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Scientists consider novel edible oil solidifier

By staff reporter , 23-Jan-2007

Research from scientists from Unilever R&D and Wageningen University have reported a new way of structuring edible oils without the need for saturated fatty acids.

The new research demonstrated the potential of a lecithin and sorbitan tri-stearate (STS) mixture to structure sunflower oil, both ingredients already commonly used as emulsifiers and crystal habit modifiers.

Writing in the journal Food Hydrocolloids, lead author Mimma Pernetti said: "The lecithin/STS organogel is a novel candidate to structure edible oil without saturated triacylglycerols (TAG)."

"The thermo-reversibility and shear-sensitivity of the resulting gel may allow several applications."The research taps into the health and nutrition trend to reduce the level of saturated fatty acids in food, reported to increase the amount of cholesterol in the blood, and increase the chance of developing heart disease.

Saturated fats are found in a wide range of common foods, including meat products, hard cheese, cream and palm oil.

"Structuring alternatives to saturated TAG hardstock are desirable, although only few are able to give structure to oil or any organic solvents," said the researchers.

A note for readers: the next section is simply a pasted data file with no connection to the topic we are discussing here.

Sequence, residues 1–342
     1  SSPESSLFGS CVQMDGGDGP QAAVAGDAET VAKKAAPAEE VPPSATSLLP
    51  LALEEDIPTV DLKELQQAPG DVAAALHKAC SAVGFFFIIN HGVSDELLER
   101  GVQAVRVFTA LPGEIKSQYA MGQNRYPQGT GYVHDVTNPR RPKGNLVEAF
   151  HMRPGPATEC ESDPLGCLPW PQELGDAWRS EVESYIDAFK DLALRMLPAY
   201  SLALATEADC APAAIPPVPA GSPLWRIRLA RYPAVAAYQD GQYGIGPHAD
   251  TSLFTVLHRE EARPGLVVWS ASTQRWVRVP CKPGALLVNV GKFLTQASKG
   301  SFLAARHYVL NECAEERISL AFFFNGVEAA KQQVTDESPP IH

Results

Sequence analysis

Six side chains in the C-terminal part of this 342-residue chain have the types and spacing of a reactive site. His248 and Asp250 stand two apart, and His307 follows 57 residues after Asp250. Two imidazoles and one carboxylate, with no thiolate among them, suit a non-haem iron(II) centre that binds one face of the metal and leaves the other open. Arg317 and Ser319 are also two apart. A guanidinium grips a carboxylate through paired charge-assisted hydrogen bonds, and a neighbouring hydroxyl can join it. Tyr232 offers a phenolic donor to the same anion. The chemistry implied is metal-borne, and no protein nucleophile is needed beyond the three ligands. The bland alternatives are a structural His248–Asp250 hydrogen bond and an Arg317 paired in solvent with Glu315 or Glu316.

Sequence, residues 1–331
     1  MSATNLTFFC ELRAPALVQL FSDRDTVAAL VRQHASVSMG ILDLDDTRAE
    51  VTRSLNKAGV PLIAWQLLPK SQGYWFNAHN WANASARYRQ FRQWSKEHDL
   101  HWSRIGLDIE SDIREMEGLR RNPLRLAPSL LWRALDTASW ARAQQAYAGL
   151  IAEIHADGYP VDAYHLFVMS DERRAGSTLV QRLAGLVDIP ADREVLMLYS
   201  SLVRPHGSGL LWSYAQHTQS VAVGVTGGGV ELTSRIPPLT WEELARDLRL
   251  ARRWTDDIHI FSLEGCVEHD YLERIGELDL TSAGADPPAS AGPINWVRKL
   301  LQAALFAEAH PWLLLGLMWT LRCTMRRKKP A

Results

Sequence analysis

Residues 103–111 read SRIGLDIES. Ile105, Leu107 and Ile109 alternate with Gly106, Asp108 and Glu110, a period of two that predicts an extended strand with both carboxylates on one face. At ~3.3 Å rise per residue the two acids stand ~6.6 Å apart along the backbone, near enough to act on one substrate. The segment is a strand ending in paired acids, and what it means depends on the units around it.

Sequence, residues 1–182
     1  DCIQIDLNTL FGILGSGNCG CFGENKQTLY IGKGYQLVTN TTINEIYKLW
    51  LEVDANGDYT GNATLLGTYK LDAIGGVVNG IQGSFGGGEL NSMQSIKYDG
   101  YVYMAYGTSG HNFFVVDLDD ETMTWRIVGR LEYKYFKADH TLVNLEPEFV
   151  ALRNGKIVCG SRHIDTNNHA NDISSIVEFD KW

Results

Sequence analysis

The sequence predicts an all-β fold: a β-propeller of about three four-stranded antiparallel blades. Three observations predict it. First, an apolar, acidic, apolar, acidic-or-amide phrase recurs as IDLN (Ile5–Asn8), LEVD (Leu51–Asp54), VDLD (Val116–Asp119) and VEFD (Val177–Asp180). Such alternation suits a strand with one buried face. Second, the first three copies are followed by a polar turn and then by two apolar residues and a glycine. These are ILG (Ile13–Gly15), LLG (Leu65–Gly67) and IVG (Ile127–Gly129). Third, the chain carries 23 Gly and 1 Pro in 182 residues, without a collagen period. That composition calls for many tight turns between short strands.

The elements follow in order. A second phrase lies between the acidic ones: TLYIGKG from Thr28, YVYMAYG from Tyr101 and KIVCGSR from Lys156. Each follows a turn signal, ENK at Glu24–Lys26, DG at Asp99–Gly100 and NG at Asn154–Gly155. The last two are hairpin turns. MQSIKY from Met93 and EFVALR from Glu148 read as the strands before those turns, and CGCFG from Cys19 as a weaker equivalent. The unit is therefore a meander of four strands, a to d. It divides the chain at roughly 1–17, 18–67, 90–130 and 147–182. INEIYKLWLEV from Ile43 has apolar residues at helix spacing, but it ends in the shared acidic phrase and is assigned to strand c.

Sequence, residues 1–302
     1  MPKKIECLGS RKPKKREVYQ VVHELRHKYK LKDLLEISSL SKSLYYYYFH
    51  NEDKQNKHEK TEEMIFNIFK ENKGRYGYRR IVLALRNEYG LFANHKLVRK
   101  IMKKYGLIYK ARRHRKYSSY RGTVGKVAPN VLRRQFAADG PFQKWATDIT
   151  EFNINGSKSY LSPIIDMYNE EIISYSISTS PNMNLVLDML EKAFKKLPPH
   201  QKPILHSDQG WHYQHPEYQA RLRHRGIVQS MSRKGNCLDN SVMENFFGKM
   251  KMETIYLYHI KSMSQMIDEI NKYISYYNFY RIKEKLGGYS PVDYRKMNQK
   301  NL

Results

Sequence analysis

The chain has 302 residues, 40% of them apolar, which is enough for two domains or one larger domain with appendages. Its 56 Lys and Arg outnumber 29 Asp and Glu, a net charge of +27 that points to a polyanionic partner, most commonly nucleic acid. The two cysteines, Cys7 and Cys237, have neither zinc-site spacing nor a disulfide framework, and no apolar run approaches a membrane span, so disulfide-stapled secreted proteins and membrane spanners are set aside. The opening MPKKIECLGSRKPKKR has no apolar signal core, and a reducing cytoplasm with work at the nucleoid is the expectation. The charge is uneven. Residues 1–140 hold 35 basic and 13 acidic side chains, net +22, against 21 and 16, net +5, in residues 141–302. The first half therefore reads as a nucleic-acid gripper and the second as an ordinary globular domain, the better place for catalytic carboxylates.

Pernetti and colleagues looked at adding the two ingredients either individually or together, but found that when added separately, in concentrations between six and 20 per cent, no solidification of the sunflower oil was obtained.

When a mixture of the ingredients were added, they report a synergetic effect to form firm gels at specific ratios of lecithin:STS, between 40:60 and 60:40.

Despite the finding that the gels collapse at around 30 degrees Celsius, cooling would reverse this phenomenon and the gels would re-solidify, said Pernetti.

"From the results obtained, a model for this organogel can be proposed," said the researchers. "The building blocks for the structure are provided by STS crystals. The lecithin acts as a crystal habit modifier on the STS, stimulating needle- or plate-shaped crystals, which are more effective in building a network than other crystals.

"The secondary function of the lecithin should be to promote the formation of weak junctions between the crystals, giving a network that entangles the oil in a firm gel. The weak bounds between crystals would also explain the high shear sensitivity, observed with these gels."

Source: Food Hydrocolloids Published on-line ahead of print; doi: 10.1016/j.foodhyd.2006.10.023 "Structuring edible oil with lecithin and sorbitan tri-stearate" Authors: M. Pernetti, K. van Malssen, D. Kalnin and E. Floter

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